It’s a familiar scene: Your toddler does something utterly adorable, you snap a pic and immediately share it on Instagram.
It seems innocent enough, but if you’re posting constantly, you might be guilty of sharenting.
Basically, sharenting is a term used to describe when parents overuse social media to share content related to their children, and it’s a hotly debated issue among moms and dads.
In an interview with Boston’s NPR affiliate, WBUR, Stacey Steinberg, associate director of the Center on Children and Families at the University of Florida’s Levin College of Law, offered suggestions for how to adapt as a parent in a social-media-filled world.
Suggesting that social media sharing (like monitoring kids’ screen times) should be handled on a case-by-case basis, she recommends parents develop their own policies around sharing photos, videos and other life updates about their children. For some, this could mean not posting at all. For others, it could be a matter of giving a child the right to say no before a post is published (assuming, of course, they’re old enough to understand).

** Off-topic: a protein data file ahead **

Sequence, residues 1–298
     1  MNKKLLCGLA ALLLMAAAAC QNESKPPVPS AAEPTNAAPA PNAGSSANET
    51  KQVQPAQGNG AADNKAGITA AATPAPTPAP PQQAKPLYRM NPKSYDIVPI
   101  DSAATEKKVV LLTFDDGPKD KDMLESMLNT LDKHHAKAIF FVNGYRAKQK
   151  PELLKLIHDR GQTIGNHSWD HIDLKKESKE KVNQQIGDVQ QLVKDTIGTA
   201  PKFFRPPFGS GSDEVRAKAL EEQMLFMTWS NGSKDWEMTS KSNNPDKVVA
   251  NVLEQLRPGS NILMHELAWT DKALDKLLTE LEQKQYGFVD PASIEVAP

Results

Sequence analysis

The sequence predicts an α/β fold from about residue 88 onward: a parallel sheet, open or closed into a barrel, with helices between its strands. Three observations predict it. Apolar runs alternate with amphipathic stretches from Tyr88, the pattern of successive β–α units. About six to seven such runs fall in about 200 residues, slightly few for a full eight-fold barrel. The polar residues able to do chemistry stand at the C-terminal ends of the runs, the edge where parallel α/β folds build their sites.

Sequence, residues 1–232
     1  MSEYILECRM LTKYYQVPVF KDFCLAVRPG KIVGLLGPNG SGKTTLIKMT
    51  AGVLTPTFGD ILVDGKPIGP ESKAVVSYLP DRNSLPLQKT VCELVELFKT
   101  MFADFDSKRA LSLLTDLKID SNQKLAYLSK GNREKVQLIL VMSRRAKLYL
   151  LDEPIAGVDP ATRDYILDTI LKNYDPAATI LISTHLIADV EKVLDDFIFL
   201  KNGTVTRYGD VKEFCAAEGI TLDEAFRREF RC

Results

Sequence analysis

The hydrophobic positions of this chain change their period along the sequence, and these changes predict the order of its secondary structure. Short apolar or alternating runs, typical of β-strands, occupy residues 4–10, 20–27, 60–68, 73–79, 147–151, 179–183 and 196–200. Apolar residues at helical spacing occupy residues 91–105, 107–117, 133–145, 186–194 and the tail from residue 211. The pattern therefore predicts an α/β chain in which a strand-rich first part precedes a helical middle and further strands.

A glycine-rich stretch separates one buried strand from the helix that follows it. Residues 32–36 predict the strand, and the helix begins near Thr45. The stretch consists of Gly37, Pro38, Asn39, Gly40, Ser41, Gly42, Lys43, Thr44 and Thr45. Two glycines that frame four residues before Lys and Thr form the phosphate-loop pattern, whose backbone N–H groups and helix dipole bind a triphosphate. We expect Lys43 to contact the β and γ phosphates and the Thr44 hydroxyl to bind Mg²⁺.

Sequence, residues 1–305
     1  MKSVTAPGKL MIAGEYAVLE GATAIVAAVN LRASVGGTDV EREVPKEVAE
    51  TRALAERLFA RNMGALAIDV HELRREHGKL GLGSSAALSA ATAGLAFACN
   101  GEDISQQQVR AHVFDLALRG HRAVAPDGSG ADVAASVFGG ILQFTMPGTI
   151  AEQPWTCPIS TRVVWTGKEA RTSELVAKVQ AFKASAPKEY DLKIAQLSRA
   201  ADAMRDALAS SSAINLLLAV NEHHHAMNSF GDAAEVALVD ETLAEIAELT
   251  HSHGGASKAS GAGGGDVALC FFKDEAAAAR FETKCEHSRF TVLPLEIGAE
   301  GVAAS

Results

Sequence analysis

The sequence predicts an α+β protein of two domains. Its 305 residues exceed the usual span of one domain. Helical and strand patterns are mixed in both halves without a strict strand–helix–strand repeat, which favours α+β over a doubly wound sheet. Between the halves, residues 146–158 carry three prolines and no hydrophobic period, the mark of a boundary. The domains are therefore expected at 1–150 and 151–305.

Looking toward the future, Steinberg said, “I think that as we all get more comfortable with social media and theonline world that we’re all living in, I do think that parents are going to be thinking a little bit more cautiously and a little bit more proactively about what it is that they’re putting out there online,” adding that “as we have more studies that show us how kids are feeling about the information that’s been out there, I think that parents are going to be better equipped to be able to make smarter sharenting decisions.”
So basically, before you post that potty-training photo that’s so cute now, think about how your kid will react to it as a moody teenager.